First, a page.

Thursday, January 12, 2006

Through the smudged window in the backseat of my mother's old station wagon the golden plains stretched out for miles. A long time ago there were great herds of buffalo grazing on the land before us. But on those days the only forms that broke the heavy line between earth and sky were the oil pumps that sit atop the wells, dipping their own heads slowly to the earth and rearing back up again. It was these beasts who stood a silent, undulating watch over the road to my great grandmother. They were her protectors.

Despite my mother's tales of my great grandmother's astounding life, for as long as I could remember her home was miles away from the city; a small white room in a small alzheimers treatment center in a small town. I don't know if it was hard for her to be there. If she felt any frustration inside it was lost somewhere between thoughts and words. One of my most vivid childhood memories is watching my mother pretend to understand the incoherent babbling of this woman who with many of her basic faculties, had lost the ability to form sounds into words. We would sit with her for hours and it all that time not a single intelligible word could struggled its way to the surface of all the sounds.

Was this really the same woman my mother had told me so much about? The one who had grown up in the highrises of New York City with chauffeurs and chefs; maids and butlers? The same one who had lost both her father and her husband when each one jumped from their office windows in the first few weeks of the great depression? Who helped her mother take their little remaining cash and buy up a few rundown buildings? Who married again to one of her dead husband's best friends, fought off tuberculosis and buried the pains of the old to give herself and her family a new beginning.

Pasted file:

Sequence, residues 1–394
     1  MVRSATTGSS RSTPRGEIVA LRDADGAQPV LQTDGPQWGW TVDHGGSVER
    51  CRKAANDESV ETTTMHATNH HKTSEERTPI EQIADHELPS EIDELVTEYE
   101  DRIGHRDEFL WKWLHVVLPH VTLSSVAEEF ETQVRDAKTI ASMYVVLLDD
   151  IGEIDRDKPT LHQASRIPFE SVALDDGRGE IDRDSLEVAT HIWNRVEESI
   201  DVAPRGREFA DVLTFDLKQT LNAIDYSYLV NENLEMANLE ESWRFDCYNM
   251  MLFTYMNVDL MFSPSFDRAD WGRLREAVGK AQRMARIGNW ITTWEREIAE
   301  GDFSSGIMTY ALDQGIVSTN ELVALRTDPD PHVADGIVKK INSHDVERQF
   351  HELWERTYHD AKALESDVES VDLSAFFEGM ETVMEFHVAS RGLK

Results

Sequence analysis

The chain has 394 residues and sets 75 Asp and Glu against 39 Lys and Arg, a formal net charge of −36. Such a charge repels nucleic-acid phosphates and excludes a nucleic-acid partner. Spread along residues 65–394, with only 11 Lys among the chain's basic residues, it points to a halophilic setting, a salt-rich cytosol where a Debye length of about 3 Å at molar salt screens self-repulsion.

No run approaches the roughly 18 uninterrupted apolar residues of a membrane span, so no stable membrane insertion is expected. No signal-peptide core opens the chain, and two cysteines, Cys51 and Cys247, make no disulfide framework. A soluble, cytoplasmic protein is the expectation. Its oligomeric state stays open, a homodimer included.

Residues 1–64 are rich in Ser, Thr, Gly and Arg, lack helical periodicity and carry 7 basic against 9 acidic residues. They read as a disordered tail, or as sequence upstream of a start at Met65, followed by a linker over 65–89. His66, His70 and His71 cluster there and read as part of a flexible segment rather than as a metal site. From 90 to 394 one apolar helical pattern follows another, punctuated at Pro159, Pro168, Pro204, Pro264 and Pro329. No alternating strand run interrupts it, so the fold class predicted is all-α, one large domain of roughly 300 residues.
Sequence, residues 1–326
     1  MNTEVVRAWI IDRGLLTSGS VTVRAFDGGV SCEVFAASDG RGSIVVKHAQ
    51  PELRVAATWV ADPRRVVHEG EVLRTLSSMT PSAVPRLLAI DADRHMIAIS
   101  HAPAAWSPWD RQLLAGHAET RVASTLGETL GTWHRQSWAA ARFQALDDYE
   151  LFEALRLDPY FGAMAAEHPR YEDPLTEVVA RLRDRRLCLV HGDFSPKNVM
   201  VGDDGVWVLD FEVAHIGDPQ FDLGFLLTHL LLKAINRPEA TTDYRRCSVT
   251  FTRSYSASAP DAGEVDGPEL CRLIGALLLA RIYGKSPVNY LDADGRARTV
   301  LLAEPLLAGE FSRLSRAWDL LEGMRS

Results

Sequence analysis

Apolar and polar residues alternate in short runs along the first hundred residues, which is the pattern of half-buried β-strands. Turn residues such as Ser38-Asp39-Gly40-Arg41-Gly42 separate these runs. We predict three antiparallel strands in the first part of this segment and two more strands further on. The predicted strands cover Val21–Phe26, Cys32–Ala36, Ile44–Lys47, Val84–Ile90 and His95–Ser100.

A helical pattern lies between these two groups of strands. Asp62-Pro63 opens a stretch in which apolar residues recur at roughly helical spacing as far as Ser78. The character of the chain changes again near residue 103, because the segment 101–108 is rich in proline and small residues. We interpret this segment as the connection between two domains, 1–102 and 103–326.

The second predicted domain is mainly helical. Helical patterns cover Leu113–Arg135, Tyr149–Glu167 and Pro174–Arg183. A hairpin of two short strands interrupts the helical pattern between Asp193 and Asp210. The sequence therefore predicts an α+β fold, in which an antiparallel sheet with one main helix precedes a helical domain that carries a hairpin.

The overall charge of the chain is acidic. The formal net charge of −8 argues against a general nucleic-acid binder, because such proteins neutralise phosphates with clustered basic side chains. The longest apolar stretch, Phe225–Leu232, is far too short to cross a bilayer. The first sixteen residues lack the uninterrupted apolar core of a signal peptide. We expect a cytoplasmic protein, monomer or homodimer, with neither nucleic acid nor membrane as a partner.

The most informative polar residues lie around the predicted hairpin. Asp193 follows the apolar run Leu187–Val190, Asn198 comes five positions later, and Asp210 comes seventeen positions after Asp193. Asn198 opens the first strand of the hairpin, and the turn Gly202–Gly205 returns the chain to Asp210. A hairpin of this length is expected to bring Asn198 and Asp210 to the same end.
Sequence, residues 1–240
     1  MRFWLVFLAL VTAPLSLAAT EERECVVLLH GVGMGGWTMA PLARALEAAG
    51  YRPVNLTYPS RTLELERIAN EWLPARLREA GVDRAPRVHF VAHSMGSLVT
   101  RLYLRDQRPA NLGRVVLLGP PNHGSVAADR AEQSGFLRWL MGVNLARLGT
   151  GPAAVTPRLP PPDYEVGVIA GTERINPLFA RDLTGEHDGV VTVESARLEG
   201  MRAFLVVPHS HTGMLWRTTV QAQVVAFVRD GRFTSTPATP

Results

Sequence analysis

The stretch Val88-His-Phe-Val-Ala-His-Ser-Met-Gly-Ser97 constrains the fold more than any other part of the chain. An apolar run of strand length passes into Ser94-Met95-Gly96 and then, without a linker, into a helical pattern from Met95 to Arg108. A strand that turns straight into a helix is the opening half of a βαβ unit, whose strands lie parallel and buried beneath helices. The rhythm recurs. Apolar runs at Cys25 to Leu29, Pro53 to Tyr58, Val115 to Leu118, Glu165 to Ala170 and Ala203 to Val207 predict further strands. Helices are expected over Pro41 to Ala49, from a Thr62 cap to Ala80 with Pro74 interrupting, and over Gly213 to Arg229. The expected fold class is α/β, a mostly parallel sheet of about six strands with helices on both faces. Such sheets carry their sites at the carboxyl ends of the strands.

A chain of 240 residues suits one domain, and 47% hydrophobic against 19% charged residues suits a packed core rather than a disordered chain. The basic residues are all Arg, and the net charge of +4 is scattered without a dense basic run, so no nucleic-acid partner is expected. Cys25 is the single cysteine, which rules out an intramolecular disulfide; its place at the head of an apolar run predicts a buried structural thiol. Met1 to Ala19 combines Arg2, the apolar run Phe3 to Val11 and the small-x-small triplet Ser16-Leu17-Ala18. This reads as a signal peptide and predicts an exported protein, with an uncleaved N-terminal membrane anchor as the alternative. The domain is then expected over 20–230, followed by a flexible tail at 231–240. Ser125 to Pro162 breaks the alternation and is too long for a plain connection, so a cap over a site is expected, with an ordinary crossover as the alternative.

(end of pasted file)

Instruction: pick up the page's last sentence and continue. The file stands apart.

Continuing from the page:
I wonder what she might have said to me if any real words had ever passed between us. The sickness stole her words and her memories but I don't' think it ever stole the glimmer in her eyes. Until the last days I remember it.

I don't have much reason to head out across those planes much anymore. But when I do I like to pull over to the side of the road and watch the oil pumps raise their heads and fall again. Out there in the fields was the only message my grandmother could leave for me. The promise that everything which falls will most assuredly rise again. That this is the cycle that was, that is, that always will be.


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